Three CDs – “The Definitive Collection”, “Cherish” and “Rock Me Baby” – were reissued on Blu-Spec CD, a CD format that’s popular primarily in Japan.

Blu-Spec CDs are made with the same process that produce Blu-Ray movie discs and are supposedly better sounding than normal CDs.

Much like SHM-CDs which are also popular in Japan, some collectors believe these discs produce better and more accurate sound thus are sought after by some as an upgrade in sound quality of domestic discs produced in the States.

I happened to track down all three of these Blu-Spec discs, no surprise to readers of this blog!, and wanted to share some thoughts and photos of the discs that are fairly obscure in this country as most people have never heard of the Blu-Spec format and don’t track down import CDs.

I own the regular editions of the “Cherish” and “Rock Me Baby” CDs that came out in the early 2000s in the U.S. so I was anxious to see if these new Japanese discs hold any improvement in sound as the U.S. versions sounded okay but were mastered a tad loud and were just of average sound quality.

I don’t own the older US version of the “Definitive Collection” which features Partridge Family hits mixed with solo David Cassidy hits so this CD is completely new to me.

Let’s start with the best sounding of the three discs “The Definitive Collection.”

Not only is this disc a nice overview of David Cassidy’s biggest hits but it is also a really nice sounding disc.

I like the mastering on this CD as the songs don’t seem to be mastered overly loud – a problem with some of the more recent Partridge Family and David Cassidy CDs on the Buddha label from the early 2000s.

I was pleasantly surprised that The Partridge Family songs sounded near to the best sounding digital versions of these hits that were released by the Razor & Tie label in the 1990s. Even Cassidy’s solo hits sound a bit better, less hot, than the same songs on the “Cherish” and “Rock Me Baby” CDs.

Unfortunately, the “Cherish ” and “Rock Me Baby” CDs use the same masters that produced the U.S. versions. They might actually sound a bit improved on these Blu-Spec versions as they do sound a bit more open and tad bit less muddy but for those collectors out there who love this music the difference between these and the much less expensive U.S. versions probably would not be worth it.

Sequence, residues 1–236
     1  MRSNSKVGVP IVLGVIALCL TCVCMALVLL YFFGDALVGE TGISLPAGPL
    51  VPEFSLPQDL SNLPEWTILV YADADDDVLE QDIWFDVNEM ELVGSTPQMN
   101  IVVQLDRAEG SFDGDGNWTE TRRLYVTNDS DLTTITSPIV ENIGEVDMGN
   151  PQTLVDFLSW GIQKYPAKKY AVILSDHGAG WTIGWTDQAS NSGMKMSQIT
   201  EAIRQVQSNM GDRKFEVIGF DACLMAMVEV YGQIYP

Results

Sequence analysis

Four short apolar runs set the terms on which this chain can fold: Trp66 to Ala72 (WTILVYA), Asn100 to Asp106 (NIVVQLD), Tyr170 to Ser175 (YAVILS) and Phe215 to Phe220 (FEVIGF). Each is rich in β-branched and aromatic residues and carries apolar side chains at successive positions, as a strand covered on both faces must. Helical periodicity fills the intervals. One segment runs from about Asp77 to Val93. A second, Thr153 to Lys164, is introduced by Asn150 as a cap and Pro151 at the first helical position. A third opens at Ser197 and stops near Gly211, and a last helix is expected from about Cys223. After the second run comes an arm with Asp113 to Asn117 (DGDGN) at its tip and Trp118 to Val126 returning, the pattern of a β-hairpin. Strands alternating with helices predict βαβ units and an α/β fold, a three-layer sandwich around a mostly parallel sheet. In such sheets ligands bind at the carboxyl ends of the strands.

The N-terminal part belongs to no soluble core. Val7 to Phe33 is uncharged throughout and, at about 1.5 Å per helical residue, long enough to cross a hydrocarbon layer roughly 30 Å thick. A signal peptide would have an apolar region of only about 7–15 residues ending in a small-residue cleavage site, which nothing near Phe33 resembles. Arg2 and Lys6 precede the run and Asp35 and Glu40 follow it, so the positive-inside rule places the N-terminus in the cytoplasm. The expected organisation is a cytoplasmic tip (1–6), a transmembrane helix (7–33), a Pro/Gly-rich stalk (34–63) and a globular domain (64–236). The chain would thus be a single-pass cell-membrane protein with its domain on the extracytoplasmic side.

And as the “Cherish” album is practically a Partridge Family album – same sound, same musicians and producers as the group – it’s worth tracking down a version of the album as it’s quite good.

The “Rock Me Baby” album is good as well but is definitely a more rock oriented album and not quite as smooth as The Partridge Family discs with Cassidy adopting a huskier vocal approach that may take some getting used to if you’re only a fan of his work under the Partridge Family banner.

As usual the packaging is first rate on these Japanese CDs but unless you’re a mad collector like me you’d probably be just as happy tracking down the U.S. discs.

I’m guessing the mastering on the “Definitive Collection” is probably the same as the U.S. version and if it is than that disc is a good deal as I think this CD sounds really nice and is a great place to land if you just have a causal interest in this material and want to own it (yes Virginia, some people want to own their music and not just stream it!!!).

The artwork – minus the Japanese lyric booklets – is the same as the U.S. discs as well but I did notice something I’ve never seen before in that the Definitive Collection disc, which features music from The Partridge Family, has been released on the Columbia label unlike the U.S. version which was released on Arista who owns the Partridge Family material.

Columbia/Screen Gems, now owned by Sony, was the original studio that made The Partridge Family TV show and recordings so it’s interesting to see the Columbia label pop up on a new Partridge Family reissue – mmm.

Anyway, feast your yes on the Blu-Spec discs above and until next time – Come On, Get Happy!!!



Instant Rewind – Monkees on Columbia VHS


Okay hands up, anyone out there remember VHS tapes?

Good, a lot of you.

Now anyone out there remember Monkees VHS tapes?